The New Zealand city of Napier is in a state of emergency after a "once-in-250 year" storm brought flooding.
The art deco destination endured 242.4mm of rainfall between 9am Monday and 9am on Tuesday, the North Island city's wettest day since 1963 and second-wettest since records began.
Napier Mayor Kirsten Wise said it was fortunate the city hadn't seen any fatalities.
"Our first priority is to ensure that those vulnerable community members are receiving the care they need and that any people that need to be evacuated ... are provided with alternative accomodation," she said.
"This was a one-in-250 year event."
Hawke's Bay Today has reported a Hospital Hill resident, Paul Mathews, rescued his partner who was buried up to her neck in mud.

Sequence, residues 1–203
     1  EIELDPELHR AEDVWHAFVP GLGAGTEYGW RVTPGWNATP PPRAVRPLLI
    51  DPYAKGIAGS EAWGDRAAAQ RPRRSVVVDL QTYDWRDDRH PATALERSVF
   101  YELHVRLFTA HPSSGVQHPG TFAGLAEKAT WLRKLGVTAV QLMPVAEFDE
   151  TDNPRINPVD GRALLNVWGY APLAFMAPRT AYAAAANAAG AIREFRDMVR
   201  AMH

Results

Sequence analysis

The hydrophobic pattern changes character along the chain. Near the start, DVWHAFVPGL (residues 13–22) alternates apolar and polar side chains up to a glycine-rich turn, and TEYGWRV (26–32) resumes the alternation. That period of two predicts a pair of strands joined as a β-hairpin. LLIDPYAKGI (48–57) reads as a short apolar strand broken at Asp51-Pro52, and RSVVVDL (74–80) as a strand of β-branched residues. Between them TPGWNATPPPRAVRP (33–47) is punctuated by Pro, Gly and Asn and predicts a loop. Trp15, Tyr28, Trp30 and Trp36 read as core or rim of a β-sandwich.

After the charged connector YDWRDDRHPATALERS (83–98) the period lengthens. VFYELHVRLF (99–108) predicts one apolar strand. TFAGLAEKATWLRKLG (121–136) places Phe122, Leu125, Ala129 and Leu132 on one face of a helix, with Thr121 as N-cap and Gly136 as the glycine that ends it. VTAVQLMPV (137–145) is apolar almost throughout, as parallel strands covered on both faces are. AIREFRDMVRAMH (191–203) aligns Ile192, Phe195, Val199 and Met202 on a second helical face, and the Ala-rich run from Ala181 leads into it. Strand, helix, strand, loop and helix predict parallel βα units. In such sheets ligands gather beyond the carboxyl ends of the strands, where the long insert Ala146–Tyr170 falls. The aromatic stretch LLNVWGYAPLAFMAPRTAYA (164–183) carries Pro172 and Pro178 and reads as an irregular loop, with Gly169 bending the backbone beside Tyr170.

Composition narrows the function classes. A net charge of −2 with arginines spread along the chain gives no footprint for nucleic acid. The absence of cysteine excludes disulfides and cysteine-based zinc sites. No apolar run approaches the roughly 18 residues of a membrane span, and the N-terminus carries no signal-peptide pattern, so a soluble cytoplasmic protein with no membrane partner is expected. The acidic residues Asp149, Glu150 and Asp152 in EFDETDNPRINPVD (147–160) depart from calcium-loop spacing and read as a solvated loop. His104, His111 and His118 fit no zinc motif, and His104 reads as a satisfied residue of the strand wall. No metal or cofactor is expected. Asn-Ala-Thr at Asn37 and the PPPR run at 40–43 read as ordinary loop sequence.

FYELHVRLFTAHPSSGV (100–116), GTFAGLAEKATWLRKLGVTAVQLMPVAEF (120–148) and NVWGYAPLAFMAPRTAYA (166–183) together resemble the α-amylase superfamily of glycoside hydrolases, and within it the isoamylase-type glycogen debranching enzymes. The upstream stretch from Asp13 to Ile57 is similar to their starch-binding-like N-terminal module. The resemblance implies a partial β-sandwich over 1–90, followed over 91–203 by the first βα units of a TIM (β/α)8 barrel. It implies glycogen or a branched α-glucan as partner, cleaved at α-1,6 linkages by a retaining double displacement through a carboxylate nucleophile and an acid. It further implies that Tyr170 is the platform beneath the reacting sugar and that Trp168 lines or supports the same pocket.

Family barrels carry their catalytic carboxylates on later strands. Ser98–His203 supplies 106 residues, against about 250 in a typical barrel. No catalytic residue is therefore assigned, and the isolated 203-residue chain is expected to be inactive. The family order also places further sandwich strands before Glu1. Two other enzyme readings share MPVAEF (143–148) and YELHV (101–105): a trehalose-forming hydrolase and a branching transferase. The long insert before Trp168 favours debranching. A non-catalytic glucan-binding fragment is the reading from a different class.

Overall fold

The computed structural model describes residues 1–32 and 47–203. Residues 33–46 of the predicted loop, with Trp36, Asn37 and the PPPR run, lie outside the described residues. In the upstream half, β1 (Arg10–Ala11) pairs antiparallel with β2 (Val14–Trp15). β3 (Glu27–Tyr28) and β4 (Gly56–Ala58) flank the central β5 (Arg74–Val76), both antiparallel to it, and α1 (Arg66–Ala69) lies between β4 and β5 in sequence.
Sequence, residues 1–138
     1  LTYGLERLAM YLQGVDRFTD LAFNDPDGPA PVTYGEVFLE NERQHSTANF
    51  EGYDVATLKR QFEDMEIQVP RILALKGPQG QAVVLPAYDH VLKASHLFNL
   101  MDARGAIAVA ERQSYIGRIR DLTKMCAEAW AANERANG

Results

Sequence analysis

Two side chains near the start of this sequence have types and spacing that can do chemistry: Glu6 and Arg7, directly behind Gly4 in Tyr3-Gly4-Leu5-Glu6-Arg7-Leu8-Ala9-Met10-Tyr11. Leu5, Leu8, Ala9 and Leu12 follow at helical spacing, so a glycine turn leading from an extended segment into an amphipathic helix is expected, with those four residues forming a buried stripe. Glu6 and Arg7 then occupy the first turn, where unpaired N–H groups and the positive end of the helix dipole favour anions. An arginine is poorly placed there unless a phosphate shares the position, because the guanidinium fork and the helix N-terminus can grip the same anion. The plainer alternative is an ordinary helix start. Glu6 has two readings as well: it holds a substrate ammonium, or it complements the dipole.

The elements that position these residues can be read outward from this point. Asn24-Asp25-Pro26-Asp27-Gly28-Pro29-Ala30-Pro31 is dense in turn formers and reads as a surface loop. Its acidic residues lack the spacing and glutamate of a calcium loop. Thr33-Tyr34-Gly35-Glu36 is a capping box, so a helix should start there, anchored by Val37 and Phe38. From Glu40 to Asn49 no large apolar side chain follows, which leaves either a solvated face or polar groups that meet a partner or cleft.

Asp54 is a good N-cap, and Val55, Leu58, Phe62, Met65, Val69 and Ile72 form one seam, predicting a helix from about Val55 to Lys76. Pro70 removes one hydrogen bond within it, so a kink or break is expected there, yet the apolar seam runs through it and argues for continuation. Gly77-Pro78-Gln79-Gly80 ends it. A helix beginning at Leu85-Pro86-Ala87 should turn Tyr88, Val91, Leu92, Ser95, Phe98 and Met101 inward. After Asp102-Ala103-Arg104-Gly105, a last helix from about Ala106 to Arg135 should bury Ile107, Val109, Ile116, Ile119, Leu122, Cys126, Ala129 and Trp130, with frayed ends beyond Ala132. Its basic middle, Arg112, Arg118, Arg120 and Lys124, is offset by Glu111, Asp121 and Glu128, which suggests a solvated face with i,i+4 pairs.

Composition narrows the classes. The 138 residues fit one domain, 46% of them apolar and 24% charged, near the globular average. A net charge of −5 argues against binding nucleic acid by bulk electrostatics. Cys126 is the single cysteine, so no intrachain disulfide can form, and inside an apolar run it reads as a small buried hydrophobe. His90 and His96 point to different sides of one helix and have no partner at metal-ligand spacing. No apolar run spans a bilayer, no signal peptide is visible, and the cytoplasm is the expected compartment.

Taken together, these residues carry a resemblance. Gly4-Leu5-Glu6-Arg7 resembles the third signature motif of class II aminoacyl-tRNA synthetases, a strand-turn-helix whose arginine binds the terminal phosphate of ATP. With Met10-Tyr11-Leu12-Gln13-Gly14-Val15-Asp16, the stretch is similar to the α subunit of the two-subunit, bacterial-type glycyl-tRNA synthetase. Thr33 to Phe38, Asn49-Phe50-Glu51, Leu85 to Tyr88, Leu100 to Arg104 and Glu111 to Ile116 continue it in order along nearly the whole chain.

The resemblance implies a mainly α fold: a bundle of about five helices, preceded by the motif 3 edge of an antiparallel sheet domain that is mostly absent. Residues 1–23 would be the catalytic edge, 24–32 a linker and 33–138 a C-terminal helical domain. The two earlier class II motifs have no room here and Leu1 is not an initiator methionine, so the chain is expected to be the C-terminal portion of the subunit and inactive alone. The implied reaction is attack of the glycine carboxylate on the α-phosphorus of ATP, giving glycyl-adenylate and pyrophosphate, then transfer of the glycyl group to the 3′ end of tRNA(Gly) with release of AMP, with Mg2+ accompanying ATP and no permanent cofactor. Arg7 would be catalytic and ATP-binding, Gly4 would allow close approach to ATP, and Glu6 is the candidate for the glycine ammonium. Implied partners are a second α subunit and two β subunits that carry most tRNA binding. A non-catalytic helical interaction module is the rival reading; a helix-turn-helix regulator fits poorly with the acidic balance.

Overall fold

A neighbour is quoted as saying the man "lost his cat too - he just found its bowl in the mud next to his wife".
Emergency chief Ken Cooper said 30 homes were evacuated on Monday night, with hundreds of homes damaged by the waters.
The strongest downpour saw 54mm fall in the 60 minutes to 6pm on Monday, producing landslips and power outages.
Much of the town's centre was under water on Tuesday morning, including many businesses, with some resorting to kayaking on streets.
Fears of contaminated wastewater among the floodwaters prompted Napier City Council to urge that toilet flushing, showering and dishwashing is kept to a minimum.
Radio NZ reports more than 3000 homes were without power overnight and residents have panic-bought from supermarkets.
Unfortunately for the Hawke's Bay, another large day of rainfall is forecast on Wednesday, with the MetService predicting another 50mm.
The previous 24 hours brought four and a half times the city's monthly average in a single day.